Flying Telescope Passes Key Test

Jan 08, 2010 by Dauna Coulter
SOFIA in flight with telescope's door wide open.

Most astronomers wouldn't dream of opening their observatory's doors in 100 mph winds. Yet NASA's new SOFIA telescope recently flew in an airplane at 250 mph with doors wide open.

On Dec. 18th, the Stratospheric Observatory for Infrared Astronomy (SOFIA), flew in a modified at 15,000 feet for one hour and 19 minutes. For two minutes of that time, the door by the telescope was wide open.

"This was the first time the door was fully opened in flight," says Bob Meyer, SOFIA program manager at the Dryden Flight Research Center. "We wanted to find out whether opening the door affected flying and handling the aircraft, caused acoustic resonance in the cavity, or made anything come loose in the cavity because of wind."

"When you blow air over a soda pop bottle and hear a hum, that's acoustic resonance. If that happened in the plane, it could vibrate the structure of the plane and the telescope and cause problems."

SOFIA passed with flying colors. "Everything went well. No adjustments or corrections were needed. Nothing shook loose or got damaged."

The 98-inch is ultimately destined to fly at 40,000 feet and study a range of astronomical objects over its expected 20-year lifetime. Those objects include other and the center of our own Galaxy; the interstellar medium, especially the building blocks of life it contains; the formation of and ; and comets and asteroids in our solar system.

The veil of water vapor enveloping Earth acts like an invisible brick wall to the infrared energy from cosmic objects SOFIA wants to see. SOFIA solves this problem by viewing the heavens from "above the veil" - something ground-based scopes can't do. Like space-based telescopes, SOFIA will collect infrared energy before it reaches Earth.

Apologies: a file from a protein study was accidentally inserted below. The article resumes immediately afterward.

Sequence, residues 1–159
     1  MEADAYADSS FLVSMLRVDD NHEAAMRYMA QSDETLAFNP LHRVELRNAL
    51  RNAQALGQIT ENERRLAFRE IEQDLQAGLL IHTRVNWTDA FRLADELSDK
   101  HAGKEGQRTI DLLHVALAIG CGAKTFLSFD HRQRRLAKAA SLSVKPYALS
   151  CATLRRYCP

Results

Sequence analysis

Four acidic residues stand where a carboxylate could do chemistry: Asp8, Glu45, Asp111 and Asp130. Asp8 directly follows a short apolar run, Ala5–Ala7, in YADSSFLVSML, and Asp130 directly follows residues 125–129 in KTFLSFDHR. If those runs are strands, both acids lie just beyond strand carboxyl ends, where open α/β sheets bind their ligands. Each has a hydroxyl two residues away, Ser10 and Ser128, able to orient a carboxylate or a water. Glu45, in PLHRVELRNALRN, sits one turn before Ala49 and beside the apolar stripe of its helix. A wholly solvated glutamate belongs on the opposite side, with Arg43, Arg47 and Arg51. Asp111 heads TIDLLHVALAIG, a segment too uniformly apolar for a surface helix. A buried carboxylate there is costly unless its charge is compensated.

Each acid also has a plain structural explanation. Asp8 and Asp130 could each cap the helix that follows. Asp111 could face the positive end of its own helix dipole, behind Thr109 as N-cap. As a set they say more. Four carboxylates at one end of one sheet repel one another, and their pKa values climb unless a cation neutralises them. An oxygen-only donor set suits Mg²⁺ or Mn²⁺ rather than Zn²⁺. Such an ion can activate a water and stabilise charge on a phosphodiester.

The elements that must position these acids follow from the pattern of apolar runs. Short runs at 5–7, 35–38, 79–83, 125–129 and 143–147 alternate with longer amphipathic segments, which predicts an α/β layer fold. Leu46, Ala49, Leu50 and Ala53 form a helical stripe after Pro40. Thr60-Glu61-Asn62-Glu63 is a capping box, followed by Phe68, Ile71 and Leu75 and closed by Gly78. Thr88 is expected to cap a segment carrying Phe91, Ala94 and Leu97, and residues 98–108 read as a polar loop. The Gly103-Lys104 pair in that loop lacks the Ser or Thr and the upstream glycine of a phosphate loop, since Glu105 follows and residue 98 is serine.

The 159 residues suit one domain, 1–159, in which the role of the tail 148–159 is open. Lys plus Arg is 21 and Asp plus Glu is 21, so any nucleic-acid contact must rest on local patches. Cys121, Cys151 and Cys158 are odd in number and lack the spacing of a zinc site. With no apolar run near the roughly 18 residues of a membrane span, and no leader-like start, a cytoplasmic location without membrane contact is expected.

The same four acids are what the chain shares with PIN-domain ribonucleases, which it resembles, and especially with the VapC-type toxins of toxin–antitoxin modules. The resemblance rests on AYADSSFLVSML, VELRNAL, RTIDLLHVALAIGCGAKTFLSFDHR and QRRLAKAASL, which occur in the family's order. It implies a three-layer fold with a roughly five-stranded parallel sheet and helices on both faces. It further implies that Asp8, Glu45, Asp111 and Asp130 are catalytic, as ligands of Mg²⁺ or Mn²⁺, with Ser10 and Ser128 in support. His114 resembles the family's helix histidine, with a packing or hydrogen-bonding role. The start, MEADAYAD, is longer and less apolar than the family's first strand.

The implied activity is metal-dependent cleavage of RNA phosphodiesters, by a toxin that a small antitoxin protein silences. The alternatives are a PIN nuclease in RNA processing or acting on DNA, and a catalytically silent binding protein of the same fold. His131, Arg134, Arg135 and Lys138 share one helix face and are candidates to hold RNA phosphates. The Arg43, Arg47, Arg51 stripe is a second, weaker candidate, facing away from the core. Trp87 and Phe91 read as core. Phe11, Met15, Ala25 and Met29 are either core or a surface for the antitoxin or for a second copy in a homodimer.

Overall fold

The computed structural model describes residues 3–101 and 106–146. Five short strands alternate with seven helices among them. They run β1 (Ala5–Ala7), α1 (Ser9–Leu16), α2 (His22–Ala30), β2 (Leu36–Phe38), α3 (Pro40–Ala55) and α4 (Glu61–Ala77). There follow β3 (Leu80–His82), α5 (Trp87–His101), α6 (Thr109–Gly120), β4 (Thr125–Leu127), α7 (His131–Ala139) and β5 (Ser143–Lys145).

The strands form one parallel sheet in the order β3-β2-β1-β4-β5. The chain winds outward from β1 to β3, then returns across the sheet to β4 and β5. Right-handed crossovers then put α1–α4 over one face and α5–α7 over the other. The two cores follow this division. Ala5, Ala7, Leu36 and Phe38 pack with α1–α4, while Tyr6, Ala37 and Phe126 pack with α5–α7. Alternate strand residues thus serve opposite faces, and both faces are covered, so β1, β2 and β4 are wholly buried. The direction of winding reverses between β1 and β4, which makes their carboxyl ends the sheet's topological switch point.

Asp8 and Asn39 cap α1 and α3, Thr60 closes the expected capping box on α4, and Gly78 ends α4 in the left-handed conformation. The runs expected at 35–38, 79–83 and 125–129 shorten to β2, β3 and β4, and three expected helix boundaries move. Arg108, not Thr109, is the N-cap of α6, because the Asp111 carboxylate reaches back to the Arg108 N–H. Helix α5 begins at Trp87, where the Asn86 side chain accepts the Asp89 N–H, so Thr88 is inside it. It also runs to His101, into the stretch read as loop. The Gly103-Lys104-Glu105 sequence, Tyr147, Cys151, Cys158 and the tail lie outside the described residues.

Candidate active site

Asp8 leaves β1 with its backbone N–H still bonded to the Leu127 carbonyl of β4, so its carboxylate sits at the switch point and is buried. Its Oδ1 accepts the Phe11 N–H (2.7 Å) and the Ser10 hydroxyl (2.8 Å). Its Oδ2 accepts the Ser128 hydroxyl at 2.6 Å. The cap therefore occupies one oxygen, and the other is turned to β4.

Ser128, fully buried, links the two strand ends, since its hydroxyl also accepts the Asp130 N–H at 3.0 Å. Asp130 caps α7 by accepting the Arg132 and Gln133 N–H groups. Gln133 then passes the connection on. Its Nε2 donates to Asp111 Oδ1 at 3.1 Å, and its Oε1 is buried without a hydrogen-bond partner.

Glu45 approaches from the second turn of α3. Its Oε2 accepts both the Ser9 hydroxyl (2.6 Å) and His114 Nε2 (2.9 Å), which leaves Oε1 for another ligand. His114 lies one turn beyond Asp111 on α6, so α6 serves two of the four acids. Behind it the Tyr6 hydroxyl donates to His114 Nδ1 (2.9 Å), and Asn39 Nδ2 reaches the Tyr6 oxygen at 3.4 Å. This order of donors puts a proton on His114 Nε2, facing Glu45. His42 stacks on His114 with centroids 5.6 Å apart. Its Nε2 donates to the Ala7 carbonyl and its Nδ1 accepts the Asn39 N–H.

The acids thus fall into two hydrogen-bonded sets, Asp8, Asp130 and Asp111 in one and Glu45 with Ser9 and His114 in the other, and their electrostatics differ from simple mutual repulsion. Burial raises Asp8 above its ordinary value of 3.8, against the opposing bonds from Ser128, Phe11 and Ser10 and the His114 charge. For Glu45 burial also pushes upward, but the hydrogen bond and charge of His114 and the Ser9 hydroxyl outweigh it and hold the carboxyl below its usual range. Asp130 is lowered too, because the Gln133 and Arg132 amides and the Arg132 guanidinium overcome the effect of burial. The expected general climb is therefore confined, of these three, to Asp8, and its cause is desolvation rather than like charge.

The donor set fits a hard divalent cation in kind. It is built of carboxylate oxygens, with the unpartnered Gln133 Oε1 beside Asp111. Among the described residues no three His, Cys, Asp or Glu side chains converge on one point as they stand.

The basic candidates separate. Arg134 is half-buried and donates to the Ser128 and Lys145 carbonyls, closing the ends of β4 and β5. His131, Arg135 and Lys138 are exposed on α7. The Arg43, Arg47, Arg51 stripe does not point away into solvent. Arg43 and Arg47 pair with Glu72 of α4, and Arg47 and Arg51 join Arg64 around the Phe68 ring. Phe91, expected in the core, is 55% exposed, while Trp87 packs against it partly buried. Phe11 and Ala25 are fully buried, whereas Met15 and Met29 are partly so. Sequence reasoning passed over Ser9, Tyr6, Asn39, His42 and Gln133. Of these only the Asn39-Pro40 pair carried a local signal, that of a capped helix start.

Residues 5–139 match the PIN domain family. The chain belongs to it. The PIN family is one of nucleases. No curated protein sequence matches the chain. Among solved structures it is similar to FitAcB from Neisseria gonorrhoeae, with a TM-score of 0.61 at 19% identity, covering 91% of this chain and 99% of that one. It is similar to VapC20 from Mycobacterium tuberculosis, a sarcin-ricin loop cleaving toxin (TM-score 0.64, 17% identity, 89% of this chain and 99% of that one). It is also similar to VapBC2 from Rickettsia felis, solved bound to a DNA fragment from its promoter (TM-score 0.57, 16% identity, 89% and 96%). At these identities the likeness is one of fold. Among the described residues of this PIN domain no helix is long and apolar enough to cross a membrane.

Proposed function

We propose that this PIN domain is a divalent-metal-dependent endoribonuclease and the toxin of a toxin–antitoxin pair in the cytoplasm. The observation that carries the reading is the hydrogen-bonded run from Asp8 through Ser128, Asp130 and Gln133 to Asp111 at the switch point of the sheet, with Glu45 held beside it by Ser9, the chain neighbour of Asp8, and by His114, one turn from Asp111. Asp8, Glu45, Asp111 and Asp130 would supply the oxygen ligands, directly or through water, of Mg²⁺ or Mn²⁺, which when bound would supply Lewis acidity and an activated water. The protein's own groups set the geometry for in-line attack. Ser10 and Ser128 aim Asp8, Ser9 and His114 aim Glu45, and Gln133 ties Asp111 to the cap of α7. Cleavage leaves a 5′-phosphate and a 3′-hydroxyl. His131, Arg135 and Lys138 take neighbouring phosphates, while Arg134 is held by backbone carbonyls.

It will do so while looking through the open door of its aircraft. As in the test, the telescope, with its primary, secondary, and tertiary mirrors, will sit in a cavity in the rear of the plane. The telescope's controls, computers, spectrometers, and other instruments will ride in the pressurized cabin. The scientists, also in the cabin, can look through a physical window in the cabin wall to view the actual image the telescope takes. The image is transmitted through a tube (called a nasmyth tube) attached to the window on one end and the telescope on the other.

A close up of the telescope in flight.

More testing is planned for the spring of 2010 before SOFIA can begin science operations in the fall.

"We'll test at all the speeds the plane can fly and all the altitudes planned for the mission," says Meyer. "We'll also test different pointing elevations of the telescope itself."

"Our first light test, where we actually look at an image and characterize the telescope, is set for April. In that test we'll unlock and uncage the telescope so it will move as though it's really observing. The wind will be buffeting and shaking SOFIA, so that will be the first true test of its ability to obtain stable images."

How do you keep a telescope still enough to point accurately and stay "on point" in a moving airplane with the door open?